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EPA proposes more soil testing at Superfund site in Cass Lake
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The U.S. Environmental Protection Agency has identified a number of contaminated areas within the health warning area of Cass Lake's Superfund site. The last round of soil samples were collected in 2001. (Image courtesy of EPA)
The U.S. Environmental Protection Agency wants to do more soil testing at a Superfund site in northern Minnesota. The former St. Regis wood treatment plant operated on the Leech Lake Indian Reservation. For 30 years the plant, near downtown Cass Lake, polluted the soil and water with dioxin, a chemical that causes cancer. The EPA began cleaning up the site in 1984. Federal officials say it's still not clean, and city and tribal leaders are frustrated with the speed of the clean-up.

Cass Lake, Minn. — Elaine Fleming grew up near the St. Regis wood treatment plant on the south side of Cass Lake. She drank from a neighborhood well. She waded with other children in ponds nearby. She played on pile of logs soaked with chemicals now known to cause cancer and birth defects.

"My brother died -- he died of cancer. He had three different kinds of cancer," said Fleming. "My sister died of lupus, which is an auto-immune type of disease. I have a thyroid disease. And other people talk about their problems. They're really concerned." Fleming is now mayor of Cass Lake. Her election last fall was historic. She's the first female mayor of the town and the first Native American mayor. Fleming is also the first Green Party mayor in Minnesota, though she says her candidacy wasn't about party politics.

Fleming says the Superfund problem has consumed her life. And she's vocal about it. She says some city leaders are worried the bad publicity will hurt the town.

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Image Cass Lake Mayor Elaine Fleming

"A lot of people want to be quiet about it," she said. "I just want the people to know what they're living in. It's contaminated. It's phenomenal what's going on here."

Fleming says the community was led to believe the site was mostly cleaned up years ago by the federal government. But in 2001, the Environmental Protection Agency conducted a five-year review of the site. They found high concentrations of dioxin in the soil. Tissue samples of whitefish in Cass Lake and Pike Bay contained dioxin levels 10 times higher than those from other nearby lakes.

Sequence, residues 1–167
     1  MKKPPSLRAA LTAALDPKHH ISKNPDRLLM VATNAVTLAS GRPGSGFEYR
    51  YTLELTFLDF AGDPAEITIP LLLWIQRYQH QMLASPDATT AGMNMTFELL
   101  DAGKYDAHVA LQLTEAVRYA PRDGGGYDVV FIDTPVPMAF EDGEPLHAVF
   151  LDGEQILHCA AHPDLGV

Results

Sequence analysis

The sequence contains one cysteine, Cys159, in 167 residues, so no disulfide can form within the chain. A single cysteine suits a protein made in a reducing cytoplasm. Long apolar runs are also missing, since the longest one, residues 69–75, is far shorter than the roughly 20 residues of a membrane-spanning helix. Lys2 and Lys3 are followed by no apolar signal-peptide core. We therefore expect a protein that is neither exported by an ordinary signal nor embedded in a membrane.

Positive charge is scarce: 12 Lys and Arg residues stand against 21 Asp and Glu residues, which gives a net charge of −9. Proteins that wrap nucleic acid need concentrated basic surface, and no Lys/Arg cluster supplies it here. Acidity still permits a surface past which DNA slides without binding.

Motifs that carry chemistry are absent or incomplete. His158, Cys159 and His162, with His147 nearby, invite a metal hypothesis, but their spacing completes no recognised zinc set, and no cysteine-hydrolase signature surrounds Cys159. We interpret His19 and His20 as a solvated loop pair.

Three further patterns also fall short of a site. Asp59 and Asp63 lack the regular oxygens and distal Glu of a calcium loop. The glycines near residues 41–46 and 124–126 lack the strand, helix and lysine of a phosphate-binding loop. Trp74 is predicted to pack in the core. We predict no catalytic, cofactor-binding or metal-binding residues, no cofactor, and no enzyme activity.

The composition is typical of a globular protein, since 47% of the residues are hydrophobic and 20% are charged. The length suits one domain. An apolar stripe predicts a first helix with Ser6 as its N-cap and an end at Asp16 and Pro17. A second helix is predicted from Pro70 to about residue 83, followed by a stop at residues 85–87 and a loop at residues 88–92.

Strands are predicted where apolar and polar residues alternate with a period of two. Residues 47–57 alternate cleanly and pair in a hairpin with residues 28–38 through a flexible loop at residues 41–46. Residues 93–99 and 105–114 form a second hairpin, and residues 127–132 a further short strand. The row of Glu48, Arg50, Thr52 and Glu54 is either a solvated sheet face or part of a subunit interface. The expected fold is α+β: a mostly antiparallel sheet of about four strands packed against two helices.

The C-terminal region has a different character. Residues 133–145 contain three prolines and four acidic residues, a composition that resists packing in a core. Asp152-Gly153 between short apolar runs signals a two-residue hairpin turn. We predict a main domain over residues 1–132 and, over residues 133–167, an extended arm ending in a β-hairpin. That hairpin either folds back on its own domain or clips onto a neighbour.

The EPA recently released a document proposing more soil samples. The EPA's Tim Drexler says this round of testing will show whether the soil still poses a risk.

"We are really hoping that this round is very definitive in terms of -- is there, is there not. So that we can, with the tribe, with the state, and with the responsible parties, address this the way that needs to be addressed," said Drexler.

One likely possibility is to dig up a layer of topsoil. Another option is to put a fence around the contaminated area. EPA officials say it's too soon to tell which option might be chosen.

It's a long, drawn-out process, and people get frustrated with it. But I think it's a dinosaur. It's government, federal government. And I don't know that we can make it move any faster.
- Shirley Nordrum

The EPA is still in negotiations with the Leech Lake Band of Ojibwe on the level of cleanup. Tribal officials say the federal government's acceptable level of dioxin concentration is too high. Gerald White, the tribe's executive director, says the contamination poses a bigger threat to Indians.

"The potential for contaminant uptake in our systems is much greater, and that magnifies the impact on us, on Native people, because of the way we live -- the subsistence lifestyle. And it's not considered by the EPA properly," said White.

The tribe wants the federal government to conduct a comprehensive health study of the community. Area doctors claim there are high rates of cancer and immune diseases. Leech Lake Environmental director Shirley Nordrum has been working on the problem for a dozen years. She's frustrated, but optimistic.

"I know that it's going slow," Nordrum said. "It's a long, drawn-out process, and people get frustrated with it. But I think it's a dinosaur. It's government, federal government. And I don't know that we can make it move any faster."

Federal officials say they won't do any health study until the contamination is cleaned up. The EPA could begin soil testing in Cass Lake as early as June. If necessary, soil removal could happen this year. But one federal official said it could take up to two years to review all the data and determine the extent of the health risk to the people.

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